3. What are the biggest mistakes most optimisers are making today?
1) Not actually doing a lot of testing. We’ve come across several very large companies who have very expensive A/B/MVT tool contracts, have loads of traffic, but do very little testing. There are many reasons for this e.g. they don’t have the support or resource or the right agency to help them; they don’t have a CRO process/strategy; they chose extremely complicated first couple of tests that never really got off the ground and this put them off; they don’t yet have a culture in place to support testing; or lastly that they just haven’t yet realised the value in CRO.
2) Not including UX or any qualitative research as part of your CRO process. Basing test ideas purely on gut instinct will result in a low success rate and/or low impactful tests.
3) Poor test design. E.g. not designing the experiment in a way that will ensure you learn from it whatever the final result.
4) Testing too many variations e.g. a multivariate test where it will take months to conclude. It’s so much better to have carried out 6 iterative A/B/n tests in the same time period.
5) Drawing wrong conclusions from tests.
6) Internal teams working in silos i.e. keeping the whole CRO process to a small group of individuals and not letting anyone else in! CRO is for sharing – it should be a fundamental part of the entire digital strategy.
By far the most common I see is (still) no use or misuse of statistics when reporting. A lack of statistical rigour in a conversion optimisation programme can bring issues. We will all be familiar with claims of ‘1000% uplift’ undoubtedly misusing statistical significance, which itself is not the only tool at our disposal, it’s simply a small part of the jigsaw to ensuring sound business decisions are made.
There are some fairly basic measurement errors that are still extremely common – for example, optimising for conversion rate without paying attention to changes in average session value, or starting a test without a predetermined end date. I’ll be talking about some of these issues in my statistics session at Conversion Conference.
4. What’s the biggest opportunity for conversion optimisation in 2016?
Personalisation on the web and across all channels. Fundamentally this is about treating your users and customers differently because they have different needs and motivations. So from an optimisation point of view this is where the greatest gains can be made. Ultimately it’s what being user-centred or customer focussed was always supposed to be about! This is why it’s such a massive focus for RedEye.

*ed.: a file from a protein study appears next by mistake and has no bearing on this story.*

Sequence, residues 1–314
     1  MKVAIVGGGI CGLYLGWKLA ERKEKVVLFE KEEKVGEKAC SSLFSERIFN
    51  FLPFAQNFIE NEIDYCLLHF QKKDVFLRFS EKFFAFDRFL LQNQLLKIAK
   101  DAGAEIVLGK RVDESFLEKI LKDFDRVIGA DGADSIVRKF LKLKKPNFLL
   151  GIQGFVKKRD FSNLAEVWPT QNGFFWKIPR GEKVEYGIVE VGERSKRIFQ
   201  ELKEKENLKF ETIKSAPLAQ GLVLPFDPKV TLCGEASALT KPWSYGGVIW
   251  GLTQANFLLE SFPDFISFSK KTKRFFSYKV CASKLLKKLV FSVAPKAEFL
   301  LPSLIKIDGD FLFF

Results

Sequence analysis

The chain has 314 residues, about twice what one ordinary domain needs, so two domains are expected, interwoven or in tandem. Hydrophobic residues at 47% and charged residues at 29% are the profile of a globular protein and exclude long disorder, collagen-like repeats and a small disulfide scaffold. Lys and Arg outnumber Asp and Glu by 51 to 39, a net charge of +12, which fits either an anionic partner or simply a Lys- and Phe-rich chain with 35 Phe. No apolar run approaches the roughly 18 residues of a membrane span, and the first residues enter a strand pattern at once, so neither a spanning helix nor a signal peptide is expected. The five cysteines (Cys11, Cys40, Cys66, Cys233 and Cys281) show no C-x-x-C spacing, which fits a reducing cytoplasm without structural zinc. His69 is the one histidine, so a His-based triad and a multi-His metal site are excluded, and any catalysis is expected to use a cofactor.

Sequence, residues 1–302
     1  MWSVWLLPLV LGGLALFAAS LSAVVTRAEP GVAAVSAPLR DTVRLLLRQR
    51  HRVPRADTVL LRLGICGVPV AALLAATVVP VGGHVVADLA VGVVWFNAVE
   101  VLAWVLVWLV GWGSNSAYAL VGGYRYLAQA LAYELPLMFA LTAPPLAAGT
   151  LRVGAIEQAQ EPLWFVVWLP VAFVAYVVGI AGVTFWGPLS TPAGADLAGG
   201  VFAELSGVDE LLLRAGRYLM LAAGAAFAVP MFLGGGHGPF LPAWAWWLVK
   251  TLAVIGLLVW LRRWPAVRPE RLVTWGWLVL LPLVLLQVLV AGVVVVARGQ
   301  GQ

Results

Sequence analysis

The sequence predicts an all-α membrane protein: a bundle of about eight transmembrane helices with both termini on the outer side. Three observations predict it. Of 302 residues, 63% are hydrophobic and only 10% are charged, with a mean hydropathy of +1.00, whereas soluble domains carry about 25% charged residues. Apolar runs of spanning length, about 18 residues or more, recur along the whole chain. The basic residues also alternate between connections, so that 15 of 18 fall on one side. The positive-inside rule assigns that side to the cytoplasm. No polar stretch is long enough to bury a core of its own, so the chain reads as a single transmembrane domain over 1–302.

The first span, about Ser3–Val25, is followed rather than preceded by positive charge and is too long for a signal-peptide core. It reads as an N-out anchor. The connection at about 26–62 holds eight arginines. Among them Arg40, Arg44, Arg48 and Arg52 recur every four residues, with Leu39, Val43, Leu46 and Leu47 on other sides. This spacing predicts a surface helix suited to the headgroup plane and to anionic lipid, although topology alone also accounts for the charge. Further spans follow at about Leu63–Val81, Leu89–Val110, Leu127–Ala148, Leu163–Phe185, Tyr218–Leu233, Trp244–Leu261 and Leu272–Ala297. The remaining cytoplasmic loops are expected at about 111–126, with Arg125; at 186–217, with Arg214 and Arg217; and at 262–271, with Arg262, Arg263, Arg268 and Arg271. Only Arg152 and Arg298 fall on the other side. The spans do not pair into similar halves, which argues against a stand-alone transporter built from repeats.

We can’t overlook the continued growth of touch devices. This movement still hasn’t peaked, and neither has the quality of the touch offering provided by the majority of organisations. Over and above this, one of the biggest opportunities in my opinion is the continued research into this area, and understanding of how a touch user’s wants, needs and subsequent actions differ to other devices. This undoubtedly varies from industry to industry but in travel we’re seeing vast differences between devices, which reiterates the importance of truly understanding each medium and incorporating these key learnings into our digital strategy.
Extending the scope of A/B testing. This is something that a few larger players are already doing for organic search, including Pinterest. We’re currently working on a platform at Distilled to allow our clients to benefit from easily and simply testing changes to areas like their site architecture, SEO directives and keyword targeting, as well as the more conventional areas of interest for conversion rate optimisation.
5. Which book – whether about conversion or not – has taught you the most about optimisation?
Any of Malcolm Gladwell’s books (e.g. Blink, David & Goliath, Outliers) because they’ve always made me think a little differently about the world. They’ve taught be valuable lessons about not taking things at face value – which is a very useful perspective to take if you’re a CRO or UX-er.
Two instructional books I highly recommend to the new starters in my team are “Don’t make me think” by Steve Krug and also the very quick and easy to read e-book “Master the essentials of conversion optimization” by Peep Laja, Founder of ConversionXL (http://conversionxl.com/)
The usual suspects; Avinash Kaushik’s “Web Analytics An Hour A Day” and “Web Analytics 2.0”, along with Ash/ Page/ Ginty’s “Landing Page Optimization” and Steve Krug’s books on usability. I’ve never actually read any of them cover-to-cover, more as a reference guide; in my opinion this is a better way of managing your education while working. I’ve also found that blogs (e.g. Avinash, eConsultancy, ConversionXL, PRWD, etc) and networking events tend to be better resources on many occasions, as the subject matter stays more recent.